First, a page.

Flooding may be quick, but drying out a building is a time consuming effort. Allowing natural ventilation and evaporation to work is better for the building than the using heated forced-air or air conditioning systems. The rapid drying out of a historic building using hot air power drying systems can cause irreparable harm to significant features of the building.
Before starting to dry out your building, make certain to address health and safety concerns. Safety must come first; do not endanger yourself, your family, or other occupants. Assume all power lines are live. Do not trust the fact that power may be off all over the neighborhood; turn off the power to your house. Check for the odor of leaking LP or natural gas and turn off these services. Be aware that floodwaters may be contaminated with sewage or animal waste and present a health hazard. During clean up, protect eyes, mouth, and hands, and use disinfectants to wash hands before eating. If you are uncomfortable when entering your house and have any question regarding personal safety, do not go inside, but have a professional make an assessment.
Make a photographic record before you begin to clean up the damage. Documentation of the damages will be beneficial when negotiating with insurance adjusters.
Make temporary repairs to roofs and windows to prevent additional water from entering the building as you work to dry it out. Plan on temporary repairs lasting a minimum of six months. Temporary repair options include the use of tarpaulin, 30- or 90-pound felt paper, or plywood covered with tarpaper.
Water saturation affects a building in three ways:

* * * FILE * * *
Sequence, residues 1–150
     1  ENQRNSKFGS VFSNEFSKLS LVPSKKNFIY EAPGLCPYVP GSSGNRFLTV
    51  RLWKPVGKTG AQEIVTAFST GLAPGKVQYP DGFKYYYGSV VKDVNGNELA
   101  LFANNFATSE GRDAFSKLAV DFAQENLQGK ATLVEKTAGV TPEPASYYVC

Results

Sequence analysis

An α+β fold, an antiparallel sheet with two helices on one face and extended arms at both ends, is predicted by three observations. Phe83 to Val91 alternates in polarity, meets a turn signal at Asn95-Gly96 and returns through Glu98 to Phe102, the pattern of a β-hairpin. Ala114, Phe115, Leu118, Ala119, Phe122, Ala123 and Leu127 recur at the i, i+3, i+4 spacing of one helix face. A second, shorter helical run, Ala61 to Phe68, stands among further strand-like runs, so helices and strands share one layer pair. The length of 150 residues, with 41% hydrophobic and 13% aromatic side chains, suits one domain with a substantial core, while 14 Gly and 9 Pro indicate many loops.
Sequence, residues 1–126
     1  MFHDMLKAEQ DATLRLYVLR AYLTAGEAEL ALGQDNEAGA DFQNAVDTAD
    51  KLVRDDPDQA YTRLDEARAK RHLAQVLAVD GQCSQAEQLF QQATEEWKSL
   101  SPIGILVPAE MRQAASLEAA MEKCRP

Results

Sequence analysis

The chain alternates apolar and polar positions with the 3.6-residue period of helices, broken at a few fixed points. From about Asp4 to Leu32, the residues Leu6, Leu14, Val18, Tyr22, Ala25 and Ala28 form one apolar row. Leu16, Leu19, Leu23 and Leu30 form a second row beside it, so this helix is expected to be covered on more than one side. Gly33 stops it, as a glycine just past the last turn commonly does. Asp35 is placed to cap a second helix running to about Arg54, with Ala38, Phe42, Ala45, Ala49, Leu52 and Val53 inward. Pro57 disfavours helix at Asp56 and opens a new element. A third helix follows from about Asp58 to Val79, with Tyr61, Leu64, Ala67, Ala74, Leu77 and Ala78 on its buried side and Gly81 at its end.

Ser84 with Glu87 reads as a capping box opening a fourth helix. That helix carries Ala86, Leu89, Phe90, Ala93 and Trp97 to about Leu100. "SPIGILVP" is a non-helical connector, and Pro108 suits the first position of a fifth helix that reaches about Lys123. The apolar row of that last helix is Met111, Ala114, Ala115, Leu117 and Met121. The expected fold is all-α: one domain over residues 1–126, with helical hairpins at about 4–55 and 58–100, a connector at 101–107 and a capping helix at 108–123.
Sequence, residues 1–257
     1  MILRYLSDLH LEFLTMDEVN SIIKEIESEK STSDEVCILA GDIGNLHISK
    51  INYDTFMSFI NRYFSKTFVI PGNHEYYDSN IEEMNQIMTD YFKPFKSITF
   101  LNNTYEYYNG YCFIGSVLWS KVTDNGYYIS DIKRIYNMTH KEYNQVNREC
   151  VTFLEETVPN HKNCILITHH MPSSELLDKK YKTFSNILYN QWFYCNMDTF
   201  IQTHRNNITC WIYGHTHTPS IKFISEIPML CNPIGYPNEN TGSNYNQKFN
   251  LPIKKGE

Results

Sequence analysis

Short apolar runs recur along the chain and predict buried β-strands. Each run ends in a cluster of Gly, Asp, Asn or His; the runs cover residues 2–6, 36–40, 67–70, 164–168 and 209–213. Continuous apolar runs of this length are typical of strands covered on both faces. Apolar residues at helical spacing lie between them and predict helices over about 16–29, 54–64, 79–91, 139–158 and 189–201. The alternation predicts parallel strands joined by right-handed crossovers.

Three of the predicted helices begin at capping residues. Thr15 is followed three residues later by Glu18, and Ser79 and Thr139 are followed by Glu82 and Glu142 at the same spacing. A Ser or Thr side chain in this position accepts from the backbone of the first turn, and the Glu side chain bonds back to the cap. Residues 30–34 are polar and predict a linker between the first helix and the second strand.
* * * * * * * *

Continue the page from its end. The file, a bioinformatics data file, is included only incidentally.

- Water causes direct damage to materials. Wallboard disintegrates; wood can swell, warp, or rot; electrical parts can short out, malfunction, and cause fires or shock.
- Mud, silt, and unknown contaminants in the water get everything dirty and are unhealthy. Floodwater is more damaging than rainwater.
- Dampness promotes the growth of moisture-related mold, mildew, and fungus that leads to dry rot.
Efforts to promote natural and controlled drying out of the building should start at the attic. If the insulation is wet, remove it and dispose of properly. After being wet, most insulation is ineffective, but it will continue to hold moisture for a long time and will create high moisture conditions which will damage metal, masonry, and wood.
Remove any water soaked items stored in the attic for treatment. The weight of water soaked boxes can cause cracking in the plaster ceilings of the floor below. Open windows and vents to allow fresh air to circulate. If your electrical system is safe and you have an attic fan, turn it on.
As you enter rooms, inspect ceilings carefully. Wet plaster and sheetrock are very heavy and can be a hazard. Be aware of bulging ceilings that may hold trapped water. If rainwater has collected in the ceiling, the rainwater will find it own route into the floors below. Collect water in buckets by poking holes at the edge of the bulging ceiling to release the water.
Plaster responds to drying out much better than sheetrock; however, durability depends on the plaster mix, the original application, the degree of water saturation, placement, and the type of lath used. Plaster over metal lath is likely to require replacement. Wood lath may expand if saturated, causing the plaster keys to break. Check for loose plaster and plan to reattach it using plaster washers. Plaster ceilings can be temporarily shored by using 2x4s nailed together to form a "T", then wedging the top of the "T" to press plywood against the ceiling.
Most plaster walls can be saved if damaged by clean rainwater. Drain water that may be held within the wall cavity by removing the baseboard and drilling holes through the plaster or sheetrock several inches above the floor. Use cordless or hand drills to avoid electrical shock and be careful to avoid wiring within the walls. Remove any insulation if wet via the baseboard removal and allow the wall cavity to dry out thoroughly.